It was easy to overlook amid the discussion of the Bushehr reactor starting up, but Iran’s military, always busy, announced a new ballistic missile test last week. According to Defense Minister Ahmad Vahidi, the new Qiam-1 liquid-fueled ballistic missile marks an advance in countermeasures against ballistic missile defenses.
He explained that the missile is equipped with a smart navigation system, which decreases the possibility of it being targeted by other projectiles.
Vahidi added that the liquid-fuel missile’s launch time is low due to its smart targeting system.
“It enjoys enhanced agility due to the scrapping of its fins,” Vahidi stressed, adding that the missile can hit targets with high precision.
And indeed, the missile’s lack of tail fins is readily apparent in the pictures.
Vahidi didn’t explain why a lack of fins would be advantageous either for accuracy or against defenses, but it’s not hard to guess. Fins are mostly useful for stabilizing a missile as it re-enters the atmosphere, but that’s beside the point if the missile has a separating warhead. And a separating warhead — not the lack of fins per se – would represent a noteworthy technical milestone, potentially contributing to greater accuracy and certainly presenting defenses with a smaller target.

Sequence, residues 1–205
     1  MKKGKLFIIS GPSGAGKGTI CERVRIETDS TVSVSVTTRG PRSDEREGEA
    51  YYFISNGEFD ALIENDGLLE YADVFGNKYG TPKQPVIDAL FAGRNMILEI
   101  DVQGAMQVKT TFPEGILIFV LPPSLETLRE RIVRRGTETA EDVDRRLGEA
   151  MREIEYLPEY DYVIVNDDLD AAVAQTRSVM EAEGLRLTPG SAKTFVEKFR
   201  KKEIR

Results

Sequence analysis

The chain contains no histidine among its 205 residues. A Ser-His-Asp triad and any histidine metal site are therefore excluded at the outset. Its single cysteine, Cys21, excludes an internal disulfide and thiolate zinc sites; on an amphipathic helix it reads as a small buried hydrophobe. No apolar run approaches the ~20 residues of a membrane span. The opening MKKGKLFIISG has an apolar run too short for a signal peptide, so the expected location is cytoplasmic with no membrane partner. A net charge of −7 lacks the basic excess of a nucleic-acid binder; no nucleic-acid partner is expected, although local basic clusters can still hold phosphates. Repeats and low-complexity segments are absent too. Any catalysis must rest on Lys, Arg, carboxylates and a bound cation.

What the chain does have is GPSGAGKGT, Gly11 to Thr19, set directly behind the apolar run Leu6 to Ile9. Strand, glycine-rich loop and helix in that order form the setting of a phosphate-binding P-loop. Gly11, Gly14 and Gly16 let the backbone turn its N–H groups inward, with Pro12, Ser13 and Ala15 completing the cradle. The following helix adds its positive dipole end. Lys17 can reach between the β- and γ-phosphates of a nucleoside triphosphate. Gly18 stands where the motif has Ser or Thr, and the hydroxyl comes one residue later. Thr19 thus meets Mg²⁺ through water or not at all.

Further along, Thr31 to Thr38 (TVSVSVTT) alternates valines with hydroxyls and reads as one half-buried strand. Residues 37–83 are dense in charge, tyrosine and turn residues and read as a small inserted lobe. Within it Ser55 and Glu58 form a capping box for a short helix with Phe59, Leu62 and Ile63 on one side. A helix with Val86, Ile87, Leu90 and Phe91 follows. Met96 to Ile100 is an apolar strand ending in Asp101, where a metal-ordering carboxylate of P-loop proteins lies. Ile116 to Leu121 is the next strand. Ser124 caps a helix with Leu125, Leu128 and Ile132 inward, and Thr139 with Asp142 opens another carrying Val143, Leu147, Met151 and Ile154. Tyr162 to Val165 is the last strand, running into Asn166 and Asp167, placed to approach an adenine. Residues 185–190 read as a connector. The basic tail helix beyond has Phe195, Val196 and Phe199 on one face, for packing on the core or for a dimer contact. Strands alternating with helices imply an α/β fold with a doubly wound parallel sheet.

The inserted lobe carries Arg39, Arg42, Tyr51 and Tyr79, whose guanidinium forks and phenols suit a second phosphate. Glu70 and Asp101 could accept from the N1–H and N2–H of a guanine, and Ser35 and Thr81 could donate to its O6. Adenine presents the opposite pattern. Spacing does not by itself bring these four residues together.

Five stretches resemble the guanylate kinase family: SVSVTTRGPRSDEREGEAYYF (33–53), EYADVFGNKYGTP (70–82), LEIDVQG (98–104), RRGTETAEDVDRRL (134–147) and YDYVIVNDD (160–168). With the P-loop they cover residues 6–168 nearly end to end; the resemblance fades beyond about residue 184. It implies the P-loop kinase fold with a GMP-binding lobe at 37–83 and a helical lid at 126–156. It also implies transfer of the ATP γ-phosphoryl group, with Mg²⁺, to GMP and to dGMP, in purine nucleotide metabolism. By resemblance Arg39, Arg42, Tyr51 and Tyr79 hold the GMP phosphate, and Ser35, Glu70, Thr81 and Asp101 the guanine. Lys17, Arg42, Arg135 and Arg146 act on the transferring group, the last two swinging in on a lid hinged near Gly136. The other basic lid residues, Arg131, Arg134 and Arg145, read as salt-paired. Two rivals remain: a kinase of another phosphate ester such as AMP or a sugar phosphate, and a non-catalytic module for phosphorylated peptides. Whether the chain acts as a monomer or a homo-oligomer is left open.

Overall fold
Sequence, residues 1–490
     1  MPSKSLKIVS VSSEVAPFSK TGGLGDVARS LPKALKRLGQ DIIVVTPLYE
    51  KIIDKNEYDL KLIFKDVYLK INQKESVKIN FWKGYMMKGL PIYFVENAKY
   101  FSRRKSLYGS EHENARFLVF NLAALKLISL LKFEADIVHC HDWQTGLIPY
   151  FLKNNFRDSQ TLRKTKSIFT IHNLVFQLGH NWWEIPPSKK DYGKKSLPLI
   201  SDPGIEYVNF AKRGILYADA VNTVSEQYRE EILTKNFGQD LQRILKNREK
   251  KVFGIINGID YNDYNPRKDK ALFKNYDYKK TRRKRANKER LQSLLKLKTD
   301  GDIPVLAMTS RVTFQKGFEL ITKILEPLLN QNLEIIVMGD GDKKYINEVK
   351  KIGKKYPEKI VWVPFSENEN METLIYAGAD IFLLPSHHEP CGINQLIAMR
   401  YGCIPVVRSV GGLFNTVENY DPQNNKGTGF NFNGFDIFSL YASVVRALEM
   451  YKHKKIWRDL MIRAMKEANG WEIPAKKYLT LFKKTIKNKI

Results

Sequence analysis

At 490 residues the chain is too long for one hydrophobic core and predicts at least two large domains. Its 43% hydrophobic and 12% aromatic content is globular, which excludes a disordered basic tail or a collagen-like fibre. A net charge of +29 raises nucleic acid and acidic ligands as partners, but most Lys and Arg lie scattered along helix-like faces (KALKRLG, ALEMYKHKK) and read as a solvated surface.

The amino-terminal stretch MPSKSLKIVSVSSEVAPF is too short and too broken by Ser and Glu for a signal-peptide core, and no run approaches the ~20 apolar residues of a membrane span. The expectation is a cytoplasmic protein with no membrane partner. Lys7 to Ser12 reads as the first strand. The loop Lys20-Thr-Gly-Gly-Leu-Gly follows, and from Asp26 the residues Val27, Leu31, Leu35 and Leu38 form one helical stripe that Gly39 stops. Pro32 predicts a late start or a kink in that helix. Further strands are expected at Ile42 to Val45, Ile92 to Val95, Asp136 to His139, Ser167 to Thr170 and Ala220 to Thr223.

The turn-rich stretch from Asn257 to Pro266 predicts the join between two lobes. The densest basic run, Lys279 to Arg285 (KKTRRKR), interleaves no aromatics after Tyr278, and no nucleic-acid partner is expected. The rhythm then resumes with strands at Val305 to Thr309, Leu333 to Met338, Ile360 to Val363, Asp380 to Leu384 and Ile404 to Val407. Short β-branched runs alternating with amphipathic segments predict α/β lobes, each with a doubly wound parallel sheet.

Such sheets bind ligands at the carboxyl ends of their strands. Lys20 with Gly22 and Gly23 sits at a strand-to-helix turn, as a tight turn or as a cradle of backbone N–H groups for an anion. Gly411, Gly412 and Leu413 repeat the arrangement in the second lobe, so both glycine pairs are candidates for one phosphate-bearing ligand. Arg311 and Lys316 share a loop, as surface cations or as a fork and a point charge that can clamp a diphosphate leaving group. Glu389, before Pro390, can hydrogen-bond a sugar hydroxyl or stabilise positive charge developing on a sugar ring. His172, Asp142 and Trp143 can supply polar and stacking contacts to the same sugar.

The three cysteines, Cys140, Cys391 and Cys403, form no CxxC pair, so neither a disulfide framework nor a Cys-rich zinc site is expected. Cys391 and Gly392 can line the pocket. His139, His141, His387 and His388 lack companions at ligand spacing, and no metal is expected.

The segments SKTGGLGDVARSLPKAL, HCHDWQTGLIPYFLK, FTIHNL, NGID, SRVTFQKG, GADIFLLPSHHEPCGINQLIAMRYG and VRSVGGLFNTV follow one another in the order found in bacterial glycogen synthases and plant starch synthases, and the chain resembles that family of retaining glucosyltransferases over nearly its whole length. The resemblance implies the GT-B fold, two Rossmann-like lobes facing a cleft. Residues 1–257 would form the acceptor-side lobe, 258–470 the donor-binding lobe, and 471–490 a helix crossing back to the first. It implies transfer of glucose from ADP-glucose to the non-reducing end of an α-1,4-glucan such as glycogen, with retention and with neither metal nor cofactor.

(That’s not to say that going finless doesn’t have its own potential advantages, as related by Gen. Seyed Mehdi Farahi of Iran’s Aerospace Industries Organization.)
But that’s not all. The implication of Vahidi’s statement, if we are to take it at face value, appears to be that the Qiam-1 has a separating, maneuvering warhead. That strikes me as too many advances at a stroke, but I’ll defer to the missile experts. Geoff Forden’s absence is keenly felt already.
Here’s a video with launch footage.
Update. Here’s a better video. Thanks, Jochen!